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  • Angela Louie and Allan de la Plante

The Count of Monte Cristo's Chateau D'If

Here is something for all you Alexandre Dumas fans. For the rest of you who are not familiar with him, he is the prolific author of The Three Muskateer series, The Man in the Iron Mask and The Count of Monte Cristo, among others. Marseilles was famous long before Dumas came along but Dumas put Marseilles on the map when he penned The Count of Monte Cristo. The people of Marseilles embraced the Dumas novel so much that the line between fact and fiction became blurred. Even a tour boat is named after Edmund Dantes aka the Count of Monte Cristo. One such tour boat took us to Chateau d’If where Dantes was incarcerated as a political prisoner.

Chateau d’If was a real prison for political and religious offenders (or thought to be offenders). The cruel and inhumane treatment of these prisoners until their deaths, as they were never released, was very evident. In the novel, Dantes escapes and takes on a new persona as the Count of Monte Cristo. It is a wonderful novel and film.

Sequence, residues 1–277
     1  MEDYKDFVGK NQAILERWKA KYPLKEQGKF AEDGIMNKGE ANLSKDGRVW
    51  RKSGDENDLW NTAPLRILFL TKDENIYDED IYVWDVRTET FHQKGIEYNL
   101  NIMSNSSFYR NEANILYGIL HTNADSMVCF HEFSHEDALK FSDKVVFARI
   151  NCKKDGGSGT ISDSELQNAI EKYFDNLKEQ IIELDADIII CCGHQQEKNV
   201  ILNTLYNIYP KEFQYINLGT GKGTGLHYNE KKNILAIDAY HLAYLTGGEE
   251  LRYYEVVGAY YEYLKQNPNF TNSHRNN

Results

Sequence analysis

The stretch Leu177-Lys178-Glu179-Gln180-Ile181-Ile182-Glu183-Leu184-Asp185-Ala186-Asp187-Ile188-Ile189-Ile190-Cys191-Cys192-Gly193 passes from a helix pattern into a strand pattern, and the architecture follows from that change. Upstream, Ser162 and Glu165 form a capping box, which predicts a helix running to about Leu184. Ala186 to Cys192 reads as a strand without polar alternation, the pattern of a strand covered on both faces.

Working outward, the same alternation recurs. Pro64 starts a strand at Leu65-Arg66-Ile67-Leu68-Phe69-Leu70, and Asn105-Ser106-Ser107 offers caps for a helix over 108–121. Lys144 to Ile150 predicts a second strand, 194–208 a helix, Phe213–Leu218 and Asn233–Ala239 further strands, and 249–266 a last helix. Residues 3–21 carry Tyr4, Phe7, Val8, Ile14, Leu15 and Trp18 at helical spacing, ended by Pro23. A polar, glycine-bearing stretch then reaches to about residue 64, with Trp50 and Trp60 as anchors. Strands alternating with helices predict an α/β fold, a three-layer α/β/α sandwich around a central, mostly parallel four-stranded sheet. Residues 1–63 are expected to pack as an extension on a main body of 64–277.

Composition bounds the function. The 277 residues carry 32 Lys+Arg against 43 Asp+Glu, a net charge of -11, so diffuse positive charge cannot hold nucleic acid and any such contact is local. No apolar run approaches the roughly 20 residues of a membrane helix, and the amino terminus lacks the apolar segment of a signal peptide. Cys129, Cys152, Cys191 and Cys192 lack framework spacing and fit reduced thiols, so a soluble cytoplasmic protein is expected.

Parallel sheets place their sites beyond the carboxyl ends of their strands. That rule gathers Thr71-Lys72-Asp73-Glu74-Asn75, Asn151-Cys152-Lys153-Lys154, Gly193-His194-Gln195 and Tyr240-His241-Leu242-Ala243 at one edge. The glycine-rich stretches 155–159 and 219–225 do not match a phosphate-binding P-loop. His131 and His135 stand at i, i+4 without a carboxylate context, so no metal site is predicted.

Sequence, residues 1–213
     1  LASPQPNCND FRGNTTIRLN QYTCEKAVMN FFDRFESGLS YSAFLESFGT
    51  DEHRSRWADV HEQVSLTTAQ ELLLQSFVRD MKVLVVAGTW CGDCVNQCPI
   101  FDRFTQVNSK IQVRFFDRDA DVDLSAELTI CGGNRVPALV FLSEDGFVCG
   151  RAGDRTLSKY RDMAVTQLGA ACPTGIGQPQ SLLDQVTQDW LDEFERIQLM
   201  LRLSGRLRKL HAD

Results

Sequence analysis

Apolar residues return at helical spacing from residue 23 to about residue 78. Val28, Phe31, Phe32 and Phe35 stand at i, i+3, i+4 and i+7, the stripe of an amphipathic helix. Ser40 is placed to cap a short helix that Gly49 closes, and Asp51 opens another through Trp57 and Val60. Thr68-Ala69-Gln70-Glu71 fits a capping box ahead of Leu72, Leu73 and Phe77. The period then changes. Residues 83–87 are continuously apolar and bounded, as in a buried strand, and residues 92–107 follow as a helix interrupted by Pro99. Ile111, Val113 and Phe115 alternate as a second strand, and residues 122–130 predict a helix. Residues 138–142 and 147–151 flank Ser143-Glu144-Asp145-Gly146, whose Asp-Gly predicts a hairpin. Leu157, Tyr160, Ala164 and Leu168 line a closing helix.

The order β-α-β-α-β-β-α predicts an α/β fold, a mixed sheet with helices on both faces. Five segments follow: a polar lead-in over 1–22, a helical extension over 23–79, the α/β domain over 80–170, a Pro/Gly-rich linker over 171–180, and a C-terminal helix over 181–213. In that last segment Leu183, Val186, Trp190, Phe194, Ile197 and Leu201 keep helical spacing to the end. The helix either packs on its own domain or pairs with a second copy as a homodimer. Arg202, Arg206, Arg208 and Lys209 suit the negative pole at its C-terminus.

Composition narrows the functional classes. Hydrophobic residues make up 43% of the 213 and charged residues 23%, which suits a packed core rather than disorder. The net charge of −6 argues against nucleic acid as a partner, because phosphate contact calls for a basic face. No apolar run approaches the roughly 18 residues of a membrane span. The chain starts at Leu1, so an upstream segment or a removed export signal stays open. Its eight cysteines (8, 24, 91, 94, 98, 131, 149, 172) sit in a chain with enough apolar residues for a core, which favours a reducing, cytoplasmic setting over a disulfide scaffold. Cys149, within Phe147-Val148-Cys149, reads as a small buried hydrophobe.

Alexandre Dumas was a popular writer of his day. His father was half black from the Domincan Republic and he had access to books by working as a clerk. Dumas wanted to make the politics of his country accessible to the masses so all of his writings dealt with all levels of society. The Count of Monte Cristo did not start as a novel. It was written in installments as this was the way that most people read. Novels were reserved for the privileged. He made enough money through his writings to build a large mansion. Unfortunately he spent more than he made and had to sell it off later in life. But his work is still celebrated more than a century later.

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